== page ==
Kevin Garnett was his usual eloquent self speaking with reporters after Friday night’s loss, the first of his career to his former team.
“We created this monster, and we have to deal with it,” Garnett said after the team’s embarrassing 111-81 loss at the hands of the Minnesota Timberwolves, a team that gave him a video tribute and a standing ovation honoring his twelve years of service in Minneapolis from 1995 to 2007.
“What you gonna do, you gonna quit? Quitting is not an option. … None of us got this far by quitting.”
But there were moments last night where that didn’t seem to be the case.
In the third quarter, with the Brooklyn Nets far behind but not closed out, Garnett briefly engaged Timberwolves forward Kevin Love in a shoving match, taking exception to Love’s grabbing and throwing an elbow into Love’s chest. The two jawed at each other after the elbow for a few moments, before Garnett was hit with both a technical and a flagrant foul.
Maybe Garnett thought that a little fire would help his waning team, that some physicality with one of the league’s MVP candidates would remind them that they entered the season trying to send a message to the league with hard fouls on the league’s stars. They were supposed to play a take-no-prisoners style, hit first, ask questions later, intimidate, berate, and then score over you while shutting you down.
He tried. He can barely move or make shots at an NBA level these days, but he can always throw his weight around, both physically and emotionally, trying to create a spark.
But the Nets, already down sixteen at that point, stayed the course of their sinking ship, allowing the Minnesota Timberwolves to score the next sixteen points in under four minutes and double their lead to 75-43, never looking back.
After twelve lifeless games, an embarrassment of riches has revealed itself as simply an embarrassment.
This is the rubble the Brooklyn Nets have been reduced to, a smoldering ruin that stands a stark contrast to the championship-caliber roster that lived only in our imaginations for brief moments between media day photos and summertime press conferences. The dream that this team would take the NBA by storm is officially dead; even in the incredibly unlikely scenario that they return to the court fully healthy in a week and stay that way for the whole season, they’ve got a major uphill climb ahead of them — and not just in the wins column, where they stand at 3-9, just a half-game ahead of the Eastern Conference cellar.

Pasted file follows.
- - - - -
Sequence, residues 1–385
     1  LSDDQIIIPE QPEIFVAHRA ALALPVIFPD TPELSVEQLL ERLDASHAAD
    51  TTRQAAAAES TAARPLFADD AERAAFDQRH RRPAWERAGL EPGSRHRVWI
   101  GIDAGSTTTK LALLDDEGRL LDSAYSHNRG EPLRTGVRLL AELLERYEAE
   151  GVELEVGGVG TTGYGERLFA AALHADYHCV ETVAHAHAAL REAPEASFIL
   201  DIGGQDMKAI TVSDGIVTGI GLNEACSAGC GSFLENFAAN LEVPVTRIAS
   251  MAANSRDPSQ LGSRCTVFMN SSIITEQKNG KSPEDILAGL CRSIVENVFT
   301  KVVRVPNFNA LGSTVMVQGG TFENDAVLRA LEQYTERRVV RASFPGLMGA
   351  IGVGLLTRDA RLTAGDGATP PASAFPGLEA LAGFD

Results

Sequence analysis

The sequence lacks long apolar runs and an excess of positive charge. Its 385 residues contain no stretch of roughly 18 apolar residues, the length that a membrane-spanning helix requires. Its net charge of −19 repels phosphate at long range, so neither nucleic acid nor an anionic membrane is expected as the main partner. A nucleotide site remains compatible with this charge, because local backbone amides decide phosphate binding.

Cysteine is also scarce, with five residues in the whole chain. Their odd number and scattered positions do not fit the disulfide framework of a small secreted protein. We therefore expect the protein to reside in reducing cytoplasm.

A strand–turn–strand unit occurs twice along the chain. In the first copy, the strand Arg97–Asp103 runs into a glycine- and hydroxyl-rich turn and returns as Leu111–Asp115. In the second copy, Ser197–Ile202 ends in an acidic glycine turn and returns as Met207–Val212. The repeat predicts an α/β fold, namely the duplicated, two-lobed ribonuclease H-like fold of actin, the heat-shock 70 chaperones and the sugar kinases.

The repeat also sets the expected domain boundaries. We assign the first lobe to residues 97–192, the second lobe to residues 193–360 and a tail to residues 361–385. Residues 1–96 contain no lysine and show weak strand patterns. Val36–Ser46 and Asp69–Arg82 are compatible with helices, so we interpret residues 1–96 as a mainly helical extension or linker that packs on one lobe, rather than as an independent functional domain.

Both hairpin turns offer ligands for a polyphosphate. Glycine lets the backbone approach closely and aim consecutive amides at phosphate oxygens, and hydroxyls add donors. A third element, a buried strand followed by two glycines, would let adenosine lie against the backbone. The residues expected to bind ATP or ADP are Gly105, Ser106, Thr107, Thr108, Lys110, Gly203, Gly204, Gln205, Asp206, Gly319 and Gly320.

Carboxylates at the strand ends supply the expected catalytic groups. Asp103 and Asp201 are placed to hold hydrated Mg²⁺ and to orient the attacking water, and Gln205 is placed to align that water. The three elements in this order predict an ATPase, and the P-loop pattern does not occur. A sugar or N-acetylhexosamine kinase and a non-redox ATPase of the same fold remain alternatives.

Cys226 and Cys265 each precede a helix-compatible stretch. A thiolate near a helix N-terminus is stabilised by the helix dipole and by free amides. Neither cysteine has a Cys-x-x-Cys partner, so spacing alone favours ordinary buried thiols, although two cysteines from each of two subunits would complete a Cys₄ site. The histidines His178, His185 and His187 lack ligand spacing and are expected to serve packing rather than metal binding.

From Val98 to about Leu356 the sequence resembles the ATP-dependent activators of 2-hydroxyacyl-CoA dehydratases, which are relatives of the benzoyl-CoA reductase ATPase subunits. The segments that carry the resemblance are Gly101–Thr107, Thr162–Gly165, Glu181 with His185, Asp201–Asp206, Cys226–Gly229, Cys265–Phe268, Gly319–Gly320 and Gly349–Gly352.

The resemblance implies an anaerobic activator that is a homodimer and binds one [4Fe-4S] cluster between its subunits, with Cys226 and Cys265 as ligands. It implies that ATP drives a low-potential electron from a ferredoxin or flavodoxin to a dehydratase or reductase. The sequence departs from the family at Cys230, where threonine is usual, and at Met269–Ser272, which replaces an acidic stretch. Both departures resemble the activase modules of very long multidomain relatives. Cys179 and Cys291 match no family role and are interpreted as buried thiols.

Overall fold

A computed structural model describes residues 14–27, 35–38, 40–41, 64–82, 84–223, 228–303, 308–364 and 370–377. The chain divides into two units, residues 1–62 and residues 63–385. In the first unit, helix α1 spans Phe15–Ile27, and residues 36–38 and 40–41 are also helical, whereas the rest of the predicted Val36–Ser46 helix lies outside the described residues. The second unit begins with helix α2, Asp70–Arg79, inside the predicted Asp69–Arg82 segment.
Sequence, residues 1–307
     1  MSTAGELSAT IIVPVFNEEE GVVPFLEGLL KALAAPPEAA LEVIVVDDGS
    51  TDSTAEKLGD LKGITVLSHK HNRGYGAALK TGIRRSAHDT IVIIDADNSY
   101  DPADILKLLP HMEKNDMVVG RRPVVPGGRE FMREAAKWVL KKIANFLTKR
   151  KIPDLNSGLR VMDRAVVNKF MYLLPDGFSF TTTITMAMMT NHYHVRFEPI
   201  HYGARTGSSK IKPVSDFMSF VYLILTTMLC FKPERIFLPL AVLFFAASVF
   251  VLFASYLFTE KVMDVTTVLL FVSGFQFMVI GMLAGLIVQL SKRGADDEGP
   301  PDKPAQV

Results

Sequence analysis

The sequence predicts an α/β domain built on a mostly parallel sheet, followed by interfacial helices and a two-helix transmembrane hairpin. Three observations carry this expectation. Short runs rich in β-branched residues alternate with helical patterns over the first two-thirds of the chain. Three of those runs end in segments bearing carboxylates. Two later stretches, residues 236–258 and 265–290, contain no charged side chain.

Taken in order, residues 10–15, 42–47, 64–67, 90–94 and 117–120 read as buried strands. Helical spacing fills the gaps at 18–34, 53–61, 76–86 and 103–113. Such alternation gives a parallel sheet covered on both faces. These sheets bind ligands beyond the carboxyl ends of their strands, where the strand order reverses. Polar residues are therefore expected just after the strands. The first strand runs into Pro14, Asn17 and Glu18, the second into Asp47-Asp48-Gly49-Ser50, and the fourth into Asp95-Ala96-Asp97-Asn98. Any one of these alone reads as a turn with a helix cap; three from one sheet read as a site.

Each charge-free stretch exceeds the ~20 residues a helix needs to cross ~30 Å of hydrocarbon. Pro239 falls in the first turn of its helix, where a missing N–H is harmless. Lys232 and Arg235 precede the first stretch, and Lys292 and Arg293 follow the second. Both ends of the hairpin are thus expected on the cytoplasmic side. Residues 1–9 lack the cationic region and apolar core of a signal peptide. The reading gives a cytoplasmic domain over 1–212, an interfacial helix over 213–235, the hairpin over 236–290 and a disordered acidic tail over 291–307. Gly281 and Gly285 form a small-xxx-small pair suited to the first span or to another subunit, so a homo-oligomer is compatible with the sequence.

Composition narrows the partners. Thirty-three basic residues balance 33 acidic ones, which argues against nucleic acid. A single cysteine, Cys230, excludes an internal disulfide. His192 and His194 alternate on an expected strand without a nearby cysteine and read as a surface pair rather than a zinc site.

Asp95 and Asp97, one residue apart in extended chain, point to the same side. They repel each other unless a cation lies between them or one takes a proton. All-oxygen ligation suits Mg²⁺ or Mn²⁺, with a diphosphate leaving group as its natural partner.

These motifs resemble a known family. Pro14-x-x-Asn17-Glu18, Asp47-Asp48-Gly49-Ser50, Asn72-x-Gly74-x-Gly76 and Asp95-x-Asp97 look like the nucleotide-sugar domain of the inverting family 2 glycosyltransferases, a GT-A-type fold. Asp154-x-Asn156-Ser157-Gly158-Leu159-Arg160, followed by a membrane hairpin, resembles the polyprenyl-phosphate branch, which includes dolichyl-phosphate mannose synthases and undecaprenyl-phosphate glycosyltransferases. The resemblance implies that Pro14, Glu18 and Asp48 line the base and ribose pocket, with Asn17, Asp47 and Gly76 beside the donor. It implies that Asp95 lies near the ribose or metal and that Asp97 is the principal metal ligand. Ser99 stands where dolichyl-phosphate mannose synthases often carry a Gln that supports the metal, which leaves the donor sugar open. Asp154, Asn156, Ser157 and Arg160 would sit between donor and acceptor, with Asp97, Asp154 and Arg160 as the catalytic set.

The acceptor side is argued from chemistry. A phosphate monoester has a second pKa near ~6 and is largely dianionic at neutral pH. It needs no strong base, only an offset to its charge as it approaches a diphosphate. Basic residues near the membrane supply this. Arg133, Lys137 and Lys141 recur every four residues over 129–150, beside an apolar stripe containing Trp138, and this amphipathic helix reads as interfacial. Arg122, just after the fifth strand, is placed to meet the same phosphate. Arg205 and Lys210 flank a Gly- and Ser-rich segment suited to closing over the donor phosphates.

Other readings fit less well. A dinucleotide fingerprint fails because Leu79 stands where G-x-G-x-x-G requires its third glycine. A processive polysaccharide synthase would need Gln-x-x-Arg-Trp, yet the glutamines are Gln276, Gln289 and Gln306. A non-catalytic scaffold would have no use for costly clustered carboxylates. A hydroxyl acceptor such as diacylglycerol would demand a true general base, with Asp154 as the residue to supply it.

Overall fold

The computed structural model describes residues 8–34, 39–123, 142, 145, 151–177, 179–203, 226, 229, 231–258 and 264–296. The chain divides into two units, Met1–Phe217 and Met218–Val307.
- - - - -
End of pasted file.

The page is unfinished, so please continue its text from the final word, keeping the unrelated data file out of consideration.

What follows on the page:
There’s the issue of the physical, where early on it’s the youngest Nets starters that are the most physically punished. Deron Williams and Brook Lopez have both caught the injury bug, each spraining an ankle on a freak accident against the Phoenix Suns on November 15th. Williams re-injured the ankle on November 20th, after injuring his right ankle in offseason workouts. Even if both return fully healthy, a dicey scenario, the Nets still have an aging roster chock-full of players with lingering injuries and the looming presence of Mother Nature limiting the roster’s continuity.
There’s the issue of the interior, which has crumbled on both ends of the floor without starting center Brook Lopez manning the paint. Kevin Garnett was expected to revolutionize Brooklyn’s defense, but the Nets have seen minimal impact from their power forward on that end of the floor. Younger, more athletic big men have exposed Garnett’s slowing foot speed and waning strength; lanky athletes like Bismack Biyombo, versatile shooters like LaMarcus Aldridge, and MVP candidates like Kevin Love alike have given Garnett fits.
There’s the issue of the exterior, where guards and forwards alike trade possessions like candy, with seemingly little direction or cohesion. The Nets barely snapped the ball around, finishing with a season-low seven assists to 20 — yes, 20 — turnovers, many of them unforced or just plain silly. Without Williams running the show, there’s little control, and when he is available, he hasn’t been the Williams they thought they signed.
There’s the defense, a mish-mash of different principles Jason Terry called a “gumbo” in training camp that has amounted to little more than dog food. The Nets allowed 26 assists, seventeen offensive rebounds, and eleven three-pointers to the Timberwolves, resulting in nearly 20 more field goal attempts. After the loss, the Nets now rank 29th in the NBA in defensive efficiency, better than only the 1-13 Utah Jazz.
The Nets took a 2-0 lead on the first possession of the game, on a designed mid-range jumper — the least efficient shot in the game, and a shot the Nets elect to take more often than shots in the restricted area — for Garnett in his return home. On the next possession, the Nets gave up a corner three-pointer — the most efficient shot in the game, and a shot the Nets convert at the fourth-lowest rate in the NBA — to Timberwolves guard Corey Brewer. The Nets never led again.
“We’ve got to get used to being down,” Jason Kidd said after the game. “I don’t know how many times we’ve had the lead.”
Does that sound like a team that entered the season with championship expectations?